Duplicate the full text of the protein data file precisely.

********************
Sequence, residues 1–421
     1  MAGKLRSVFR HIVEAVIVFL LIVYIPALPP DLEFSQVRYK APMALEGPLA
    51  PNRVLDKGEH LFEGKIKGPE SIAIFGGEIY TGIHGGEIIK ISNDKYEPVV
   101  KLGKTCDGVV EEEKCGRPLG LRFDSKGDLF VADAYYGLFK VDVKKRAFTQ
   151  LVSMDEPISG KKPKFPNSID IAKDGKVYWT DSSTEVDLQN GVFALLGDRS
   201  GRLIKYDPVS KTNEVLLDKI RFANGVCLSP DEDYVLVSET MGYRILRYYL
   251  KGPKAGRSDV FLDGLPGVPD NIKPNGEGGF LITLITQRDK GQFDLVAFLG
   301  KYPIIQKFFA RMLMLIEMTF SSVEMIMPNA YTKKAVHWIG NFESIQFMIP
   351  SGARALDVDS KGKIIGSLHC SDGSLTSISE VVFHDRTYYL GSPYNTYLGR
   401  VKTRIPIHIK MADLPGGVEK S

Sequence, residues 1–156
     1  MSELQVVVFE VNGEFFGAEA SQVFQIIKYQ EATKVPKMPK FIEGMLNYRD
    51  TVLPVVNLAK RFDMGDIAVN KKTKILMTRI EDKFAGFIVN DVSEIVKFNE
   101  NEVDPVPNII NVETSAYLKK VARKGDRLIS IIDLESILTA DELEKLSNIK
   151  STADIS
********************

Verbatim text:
Sequence, residues 1–421
     1  MAGKLRSVFR HIVEAVIVFL LIVYIPALPP DLEFSQVRYK APMALEGPLA
    51  PNRVLDKGEH LFEGKIKGPE SIAIFGGEIY TGIHGGEIIK ISNDKYEPVV
   101  KLGKTCDGVV EEEKCGRPLG LRFDSKGDLF VADAYYGLFK VDVKKRAFTQ
   151  LVSMDEPISG KKPKFPNSID IAKDGKVYWT DSSTEVDLQN GVFALLGDRS
   201  GRLIKYDPVS KTNEVLLDKI RFANGVCLSP DEDYVLVSET MGYRILRYYL
   251  KGPKAGRSDV FLDGLPGVPD NIKPNGEGGF LITLITQRDK GQFDLVAFLG
   301  KYPIIQKFFA RMLMLIEMTF SSVEMIMPNA YTKKAVHWIG NFESIQFMIP
   351  SGARALDVDS KGKIIGSLHC SDGSLTSISE VVFHDRTYYL GSPYNTYLGR
   401  VKTRIPIHIK MADLPGGVEK S

Sequence, residues 1–156
     1  MSELQVVVFE VNGEFFGAEA SQVFQIIKYQ EATKVPKMPK FIEGMLNYRD
    51  TVLPVVNLAK RFDMGDIAVN KKTKILMTRI EDKFAGFIVN DVSEIVKFNE
   101  NEVDPVPNII NVETSAYLKK VARKGDRLIS IIDLESILTA DELEKLSNIK
   151  STADIS